Clint on the trail

Eastwood as sleuth defines a new type of hero.

Aug 14, 2002 at 12:00 am

Blood flows through family ties — and the line between life and death. It twists through the plot of Blood Work, never shouting but whispering, tracing a pattern for us to work out as we follow its trail along with ex-FBI profiler Terry McCaleb (Clint Eastwood).

Red herrings, clues and separating one from the other are part of a whodunit’s stock and trade. Blood Work delivers from its introduction. Jazz with an initially inexplicable Latin flavor flows under shots of a big city at night. The images and music smell of film noir. But this is no noir. McCaleb may be one of the least equivocal heroes that Eastwood has played. And Graciella Rivers (Wanda De Jesus, Ghosts of Mars) — despite baiting and hooking McCaleb into an investigation that may threaten his brittle life — is no femme fatale. That whiff of cha-cha in the opening music is a clue intimating the Mexican woman’s mysterious appearance on the deck of his home (a modest boat).

McCaleb lives to trace leads to the apprehension of murderers. One, a serial killer, leaves clues in the blood of his victims. The murderer’s cat-and-mouse game finally breaks into an on-foot chase in which the senior special agent suffers a massive heart attack. McCaleb is forced into a medical retirement. He receives a heart transplant. Graciella appears to inform him of the debt of life he owes her sister, Gloria Torres, the donor of his heart. And she requests the only just payment: finding Glory’s killer. “I owe your sister that much,” he agrees. But can Glory’s heart — and postoperative McCaleb — survive the stresses and trials of a tortuous investigation?

Blood Work is a subtle, well-crafted film balancing mystery, police procedural, melodrama and romance with an apparent ease that only a cinematic tightrope walker like director Eastwood can demonstrate. With the deftness of a British chauffeur, he expertly drives through the twists and turns of screenwriter Brian Helgeland’s (A Knight’s Tale, L.A. Confidential) plot. The ride may be too smooth, though. Blood Works’s cruise may be too controlled. Eastwood never throws us into a wild shock. Rather, we arrive at realizations and revelations. Suspense? Yes. Thrills? Rarely. This may be the most well-mannered serial-killer movie yet.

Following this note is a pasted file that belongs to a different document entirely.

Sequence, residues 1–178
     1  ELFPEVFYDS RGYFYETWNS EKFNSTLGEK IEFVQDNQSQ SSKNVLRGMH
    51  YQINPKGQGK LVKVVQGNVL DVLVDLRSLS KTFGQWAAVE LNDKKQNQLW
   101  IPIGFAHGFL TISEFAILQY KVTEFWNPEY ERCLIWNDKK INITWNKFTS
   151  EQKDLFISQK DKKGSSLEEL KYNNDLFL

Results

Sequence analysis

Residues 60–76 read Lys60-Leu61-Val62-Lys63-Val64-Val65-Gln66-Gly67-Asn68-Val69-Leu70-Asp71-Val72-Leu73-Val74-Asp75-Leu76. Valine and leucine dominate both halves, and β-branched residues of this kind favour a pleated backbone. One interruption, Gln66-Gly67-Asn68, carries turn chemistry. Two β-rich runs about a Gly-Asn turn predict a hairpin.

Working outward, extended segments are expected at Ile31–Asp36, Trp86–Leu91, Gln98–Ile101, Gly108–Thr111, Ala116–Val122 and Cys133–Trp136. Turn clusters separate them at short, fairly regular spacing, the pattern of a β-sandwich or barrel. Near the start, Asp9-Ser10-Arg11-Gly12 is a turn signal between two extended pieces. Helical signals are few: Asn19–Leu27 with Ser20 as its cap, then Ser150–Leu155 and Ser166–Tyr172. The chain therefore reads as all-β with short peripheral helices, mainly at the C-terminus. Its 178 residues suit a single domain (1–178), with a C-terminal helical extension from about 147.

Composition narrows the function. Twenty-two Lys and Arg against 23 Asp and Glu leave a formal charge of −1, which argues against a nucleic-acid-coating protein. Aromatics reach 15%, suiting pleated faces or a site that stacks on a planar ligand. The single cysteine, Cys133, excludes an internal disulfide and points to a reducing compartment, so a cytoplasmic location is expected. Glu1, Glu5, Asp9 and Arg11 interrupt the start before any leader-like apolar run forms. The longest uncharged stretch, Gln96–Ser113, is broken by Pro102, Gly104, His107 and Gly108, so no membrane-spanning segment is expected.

The performances suit the direction and script with equal subtlety and attention to detail. Eastwood’s age (72) may have eroded some of his Dirty Harry menace, but so much the better as it serves to reveal the rocky decency that seems to have been under the surface of all of his characters. He fully occupies the character of McCaleb down to the way he holsters his gun. His portrayal of a challenged open heart surgery patient makes you actually fear for his life.

Jeff Daniels (Escanaba in da Moonlight) also crafts an excellent performance as McCaleb’s neighbor, Buddy Noone, a lovable loser with a secret.

Blood Work may not be a summer thriller, but as a whodunit romance aimed at a more mature audience, it does its job well.

James Keith La Croix writes about film for Metro Times. Send comments to [email protected].